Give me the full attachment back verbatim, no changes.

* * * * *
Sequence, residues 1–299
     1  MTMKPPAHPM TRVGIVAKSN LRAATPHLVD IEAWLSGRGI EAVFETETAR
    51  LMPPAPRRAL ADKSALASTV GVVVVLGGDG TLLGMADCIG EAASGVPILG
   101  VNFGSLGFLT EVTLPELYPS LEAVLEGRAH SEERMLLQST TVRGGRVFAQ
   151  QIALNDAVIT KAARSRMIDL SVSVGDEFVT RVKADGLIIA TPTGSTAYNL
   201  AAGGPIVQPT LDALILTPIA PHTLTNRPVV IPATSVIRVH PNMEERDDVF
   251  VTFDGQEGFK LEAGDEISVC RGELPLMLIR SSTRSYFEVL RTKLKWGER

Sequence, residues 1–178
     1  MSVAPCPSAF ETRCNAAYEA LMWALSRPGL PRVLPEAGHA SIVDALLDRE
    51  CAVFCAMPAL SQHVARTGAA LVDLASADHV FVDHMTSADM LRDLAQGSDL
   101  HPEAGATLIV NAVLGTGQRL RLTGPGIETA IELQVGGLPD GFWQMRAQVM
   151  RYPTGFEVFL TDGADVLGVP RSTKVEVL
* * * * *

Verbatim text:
Sequence, residues 1–299
     1  MTMKPPAHPM TRVGIVAKSN LRAATPHLVD IEAWLSGRGI EAVFETETAR
    51  LMPPAPRRAL ADKSALASTV GVVVVLGGDG TLLGMADCIG EAASGVPILG
   101  VNFGSLGFLT EVTLPELYPS LEAVLEGRAH SEERMLLQST TVRGGRVFAQ
   151  QIALNDAVIT KAARSRMIDL SVSVGDEFVT RVKADGLIIA TPTGSTAYNL
   201  AAGGPIVQPT LDALILTPIA PHTLTNRPVV IPATSVIRVH PNMEERDDVF
   251  VTFDGQEGFK LEAGDEISVC RGELPLMLIR SSTRSYFEVL RTKLKWGER

Sequence, residues 1–178
     1  MSVAPCPSAF ETRCNAAYEA LMWALSRPGL PRVLPEAGHA SIVDALLDRE
    51  CAVFCAMPAL SQHVARTGAA LVDLASADHV FVDHMTSADM LRDLAQGSDL
   101  HPEAGATLIV NAVLGTGQRL RLTGPGIETA IELQVGGLPD GFWQMRAQVM
   151  RYPTGFEVFL TDGADVLGVP RSTKVEVL